Report reveals how teachers, students used phones to cheat in KCSE

Monday March 28 2016

A police officer displays two pages of last year’s KCPE Social Studies examination material seized from pupils in Changamwe, Mombasa. PHOTO | FILE | NATION MEDIA GROUP


Teachers used social media groups they had formed to monitor their strike to pass leaked examination materials.

Investigations indicate that the tutors mostly used WhatsApp, a mobile phone social networking application, to send leaked copies of the 2015 Kenya Certificate of Secondary Education and Kenya Certificate of Primary Education examinations because “it has no trace”.

The teachers, including heads and their deputies, were among the 170 people arrested in connection with the massive leakage that made a mockery of the Form Four and Standard Eight examinations last year.

Another 30 are still being tracked by detectives, says an investigations report on the 2015 examination leakage.

The report shows cheating involved an intricate web, which sucked in high school and university students, heads and their deputies, teachers, businesspeople, police officers, politicians and Kenya National Examination Council officials, among other persons.

The teachers were also angry with the government for having failed to yield to their demand for more pay and so condoned cheating,” reveals the report.


Others were afraid that students would fail due to the strike, so they turned a blind eye to the cheating.

“The teachers used the same platform to come up with strategies to tamper with the national examinations. They chose to use WhatsApp because according to them, it has no trace,” said the report.


Teachers also sent leaked examinations to parents who later shared them with students while other tutors revised with students just hours or minutes before the learners sat the same papers.

Although most papers were passed free of charge, other teachers charged candidates as much as Sh175,000 to access them.

Some schools established “mosques” inside the examination rooms where books were found, meaning students would be cleared to use the “mosques” for prayers but ended up accessing answers to the tests they were sitting for.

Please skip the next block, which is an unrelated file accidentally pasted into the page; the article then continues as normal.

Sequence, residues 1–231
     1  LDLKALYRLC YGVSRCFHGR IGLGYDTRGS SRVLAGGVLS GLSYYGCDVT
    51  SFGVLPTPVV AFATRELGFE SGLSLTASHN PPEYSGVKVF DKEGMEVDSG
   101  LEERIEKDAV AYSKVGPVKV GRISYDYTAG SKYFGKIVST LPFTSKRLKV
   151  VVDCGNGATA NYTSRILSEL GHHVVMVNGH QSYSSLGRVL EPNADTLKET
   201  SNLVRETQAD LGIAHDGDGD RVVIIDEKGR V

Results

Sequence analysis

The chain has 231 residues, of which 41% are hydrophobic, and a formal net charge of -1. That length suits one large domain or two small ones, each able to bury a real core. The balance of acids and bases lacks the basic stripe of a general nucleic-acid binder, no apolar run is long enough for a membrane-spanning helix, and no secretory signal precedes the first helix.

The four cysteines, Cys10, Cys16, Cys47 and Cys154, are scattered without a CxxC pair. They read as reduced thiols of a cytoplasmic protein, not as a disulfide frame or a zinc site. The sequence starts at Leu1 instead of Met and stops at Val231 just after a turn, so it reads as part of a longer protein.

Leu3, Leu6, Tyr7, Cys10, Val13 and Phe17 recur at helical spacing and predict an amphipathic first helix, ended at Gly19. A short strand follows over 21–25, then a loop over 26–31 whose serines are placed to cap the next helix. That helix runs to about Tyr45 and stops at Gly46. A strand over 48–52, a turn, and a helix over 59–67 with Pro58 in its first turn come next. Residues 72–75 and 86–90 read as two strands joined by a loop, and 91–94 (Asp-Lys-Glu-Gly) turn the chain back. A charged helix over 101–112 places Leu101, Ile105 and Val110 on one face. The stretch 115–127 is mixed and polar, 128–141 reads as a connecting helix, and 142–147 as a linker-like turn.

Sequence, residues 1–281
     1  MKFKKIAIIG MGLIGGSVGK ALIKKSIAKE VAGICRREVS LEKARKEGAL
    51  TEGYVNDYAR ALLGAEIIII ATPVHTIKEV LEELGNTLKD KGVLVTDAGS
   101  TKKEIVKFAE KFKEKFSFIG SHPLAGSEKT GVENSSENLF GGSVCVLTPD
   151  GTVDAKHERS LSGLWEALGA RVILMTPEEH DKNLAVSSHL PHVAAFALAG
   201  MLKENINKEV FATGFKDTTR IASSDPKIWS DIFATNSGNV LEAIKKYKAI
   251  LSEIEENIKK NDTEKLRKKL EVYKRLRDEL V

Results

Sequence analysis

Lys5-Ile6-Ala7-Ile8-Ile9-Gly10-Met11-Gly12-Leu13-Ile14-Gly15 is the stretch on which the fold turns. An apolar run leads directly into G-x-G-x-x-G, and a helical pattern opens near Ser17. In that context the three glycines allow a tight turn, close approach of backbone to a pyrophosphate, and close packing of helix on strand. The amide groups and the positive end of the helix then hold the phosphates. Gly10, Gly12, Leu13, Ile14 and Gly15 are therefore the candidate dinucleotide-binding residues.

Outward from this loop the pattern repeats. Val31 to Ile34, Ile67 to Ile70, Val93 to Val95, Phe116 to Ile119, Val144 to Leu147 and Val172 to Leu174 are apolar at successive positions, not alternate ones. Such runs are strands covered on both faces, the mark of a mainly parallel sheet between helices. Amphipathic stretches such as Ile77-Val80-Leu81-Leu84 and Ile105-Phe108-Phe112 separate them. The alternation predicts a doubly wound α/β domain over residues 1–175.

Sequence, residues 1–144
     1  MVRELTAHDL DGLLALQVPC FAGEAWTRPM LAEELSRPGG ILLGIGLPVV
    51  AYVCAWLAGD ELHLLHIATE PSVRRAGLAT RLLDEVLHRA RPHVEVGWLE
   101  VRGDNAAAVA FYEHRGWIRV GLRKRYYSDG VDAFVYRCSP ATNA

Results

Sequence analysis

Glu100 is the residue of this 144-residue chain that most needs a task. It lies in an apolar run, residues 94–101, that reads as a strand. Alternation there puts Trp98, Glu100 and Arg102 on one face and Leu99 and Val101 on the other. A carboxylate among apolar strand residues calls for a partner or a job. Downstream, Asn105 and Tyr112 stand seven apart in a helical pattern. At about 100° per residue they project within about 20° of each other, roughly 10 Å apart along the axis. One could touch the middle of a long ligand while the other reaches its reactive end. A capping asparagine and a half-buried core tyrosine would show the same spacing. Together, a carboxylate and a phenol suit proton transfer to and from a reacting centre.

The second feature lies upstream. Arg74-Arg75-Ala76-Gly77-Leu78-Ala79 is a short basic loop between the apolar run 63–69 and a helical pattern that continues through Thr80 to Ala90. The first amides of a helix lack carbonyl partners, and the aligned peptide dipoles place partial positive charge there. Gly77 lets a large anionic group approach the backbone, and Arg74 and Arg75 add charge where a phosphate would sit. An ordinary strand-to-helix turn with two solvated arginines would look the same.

According to a report prepared by the Directorate of Criminal Investigations and seen by the Nation, a teacher at Orongo Mixed Secondary School in Nyamasaria, Kisumu County, identified as Dennis Otieno Oketch used to receive leaked materials via WhatsApp.

He shared the examination material with two teachers from Lions High School, identified as Isaac Odinga Anjejo and Calvince Odima Oduor. The three were later arrested and prosecuted.

Another teacher, Mr Kennedy Oloo Odiera from Achego Girls in Chemilil, was arrested on February 25 for allegedly sending leaked exam materials to various schools, including to a teacher at Achego Primary School. He was taken to court the following day.

A teacher from a high school in Makindu, Makueni County was arrested in March and is still under investigations after a student in the school who was found with leaked examinations materials said he received them from the teacher.

Another teacher from a Thika school who was arrested on March 5 will have his day in court soon, after he confessed to detectives that he received examination materials on his mobile phone.

“He forwarded the same to Ms Rispar Anjawa, a teacher at Galana Secondary School. Rispar had been arrested and charged,” says the report.

To avoid being prosecuted, some teachers destroyed the electronics devices, especially mobiles phones after using them to send leaked exams.

A principal and his deputy from a private boys’ school in Mombasa County who had been accused of sending the KCSE exam materials disposed of their mobile phones, destroying evidence.

Another head from the same county also destroyed his phone.

The three acquired new phones which were later seized by the police for analysis. Their cases were reported to the DCIO Urban Police Station.

Another head in Mandera was accused of turning a blind eye even after being aware that a suspect was supplying students with examination materials daily.

“This is not possible without the headteacher’s knowledge. The cheating led to cancellation of results for 113 students,” it says.